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Found 320 results

  1. My youngest needed to make some measurments at my other property so I decided to go with him. I needed to find a certain fossil in my fossil shed. Didn't find it. I did find some other rather interesting stuff though. I call this stuff 'chicken scratch'. This is actually a nice one. Some get so messy its hard to tell what is what. This is actually a common gastropod but a very rare gastropod at the same time. We locals called them 'moonines'. Here you can see that it was murdered by another gastropod!!! Here you can see how the operculum is still in place. This is what makes this snail rare. I used to find hundreds of these but only this one I found with the trap door. I was looking for my german box of fossils but could only find this. Now im wondering where my german box is? A close up of brittle star slab Another close up but a different area. Ive also found another complete one that is not uncovered yet.
  2. Most pythons live in the Southern hemisphere but they may have evolved in Europe. Beautiful German fossil yields clues. https://www.livescience.com/oldest-python-snakes-on-record.html
  3. Mystery Solnhofen Tooth!

    I saw this tooth for sale recently, labeled as Pterosaur from Solnhofen, the tooth seems way too thick to be pterosaur, any thoughts? I'm thinking it might be fish, but I have no idea.
  4. Hi I was wondering what your opinions are on these if they're real or fake, or any work done on them ? There's two of them. Labeled as - Lacustrine Stromatolite colony's, no work done on them. First - from the Permian age, Lauterecken formation, Germany Second - from Oligocene age, Rhineland Germany
  5. tanystropheus tooth

    Hello, any thoughts on this ? it is sold as tanystropheus tooth from Middle Triassic deposits of Wurzburg, Germany. 17mm in length. Edit: Formation is Muschelkalk. Hope it checks out. I've always had a fondness for long neckes tanystropheus. I see nothosaur teeth look similar, but seem to be quite distinctly curved, so im hopeful this isnt as misidentified nothosaur. Thanks
  6. Is the a Saccocoma?

    Hi all, I was playing with my poop a while back, as one does, and discovered a hidden treasure. I prepped out what I think is a nice little floating crinoid. It looks beefier than the Saccocoma in my collection. Can anyone verify that is what this is? Thanks a bunch!
  7. no idea what this is (a fish?)

    hello, i found this fossil in a quarry in sinspelt, eiffel, germany. it's 20 mm long and 8 mm wide. sadly it's missing the head. can anybody tell me what kind of animal it was? i would even be happy with the general name (like fish or maybe something else), don't need the exact species.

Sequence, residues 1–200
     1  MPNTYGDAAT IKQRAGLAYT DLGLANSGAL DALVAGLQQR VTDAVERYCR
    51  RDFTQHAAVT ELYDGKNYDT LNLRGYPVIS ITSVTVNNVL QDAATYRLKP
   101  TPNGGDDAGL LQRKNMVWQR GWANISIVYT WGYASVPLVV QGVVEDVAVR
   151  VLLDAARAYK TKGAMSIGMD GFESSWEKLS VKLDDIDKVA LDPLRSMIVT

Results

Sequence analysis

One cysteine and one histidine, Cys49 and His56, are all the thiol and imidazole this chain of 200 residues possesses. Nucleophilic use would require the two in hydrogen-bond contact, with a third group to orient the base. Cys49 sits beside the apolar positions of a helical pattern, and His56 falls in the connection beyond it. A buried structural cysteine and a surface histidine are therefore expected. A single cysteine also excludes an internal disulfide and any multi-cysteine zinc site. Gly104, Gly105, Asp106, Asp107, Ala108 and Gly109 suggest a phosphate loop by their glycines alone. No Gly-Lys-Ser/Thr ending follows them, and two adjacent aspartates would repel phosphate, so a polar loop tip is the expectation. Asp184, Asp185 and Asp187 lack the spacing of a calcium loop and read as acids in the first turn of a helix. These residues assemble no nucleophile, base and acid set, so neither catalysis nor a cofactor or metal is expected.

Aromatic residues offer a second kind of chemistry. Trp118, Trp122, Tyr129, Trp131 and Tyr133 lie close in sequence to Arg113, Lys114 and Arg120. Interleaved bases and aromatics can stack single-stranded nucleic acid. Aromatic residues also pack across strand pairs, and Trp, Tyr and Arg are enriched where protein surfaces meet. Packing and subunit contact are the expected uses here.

8. Dinosaur feather study debunked: Overwhelming evidence supports Jurassic fossil does belong to Archaeopteryx by University of South Florida https://phys.org/news/2020-09-dinosaur-feather-debunked-overwhelming-evidence.html The open access paper is: Carney, R.M., Tischlinger, H. & Shawkey, M.D. Evidence corroborates identity of isolated fossil feather as a wing covert of Archaeopteryx. Sci Rep 10, 15593 (2020). https://doi.org/10.1038/s41598-020-65336-y The original article is: First discovered fossil feather did not belong to iconic bird Archaeopteryx by The University of Hong Kong https://phys.org/news/2019-02-fossil-feather-iconic-bird-archaeopteryx.html The open access paper is: Kaye, T.G., Pittman, M., Mayr, G. et al. Detection of lost calamus challenges identity of isolated Archaeopteryx feather. Sci Rep 9, 1182 (2019). https://www.nature.com/articles/s41598-018-37343-7?sf207999490=1 Yours, Paul H.
  9. van Keulen, P. and Rhebergen, F., 2017. Typology and fossil assemblage of Sandbian (Ordovician) 'baksteenkalk': an erratic silicified limestone of Baltic origin from the northeastern Netherlands and adjacent areas of Germany. Estonian Journal of Earth Sciences, 66(4), pp.198-220. Link to open access PDF file Winterman, W., 1990. Baksteenkalk. Grondboor & Hamer, 44(1), pp.11-13. Rhebergen, F., 2001. Trilobieten in noordelijke zwerfstenen in Nederland. GEA, 34(3), pp.39-43. Rhebergen, F., 1993. Ordovicische zwerfstenen in het Twents-Duitse grensgebied. Grondboor en Hamer, 47, pp.132-140. Yours, Paul H.
  10. Notorhynchus primigenius (Agassiz 1843)

    From the album Pisces

    Almost complete lateral 18mm. long Burdigalian, Miocene, Obere Merresmolasse Formation (OMM) From the Lake of Constance area, Germany
  11. Araloselachus cuspidatus (Agassiz 1843)

    From the album Pisces

    12mm. Burdigalian Miocene OMM Formation Found near the Lake of Constance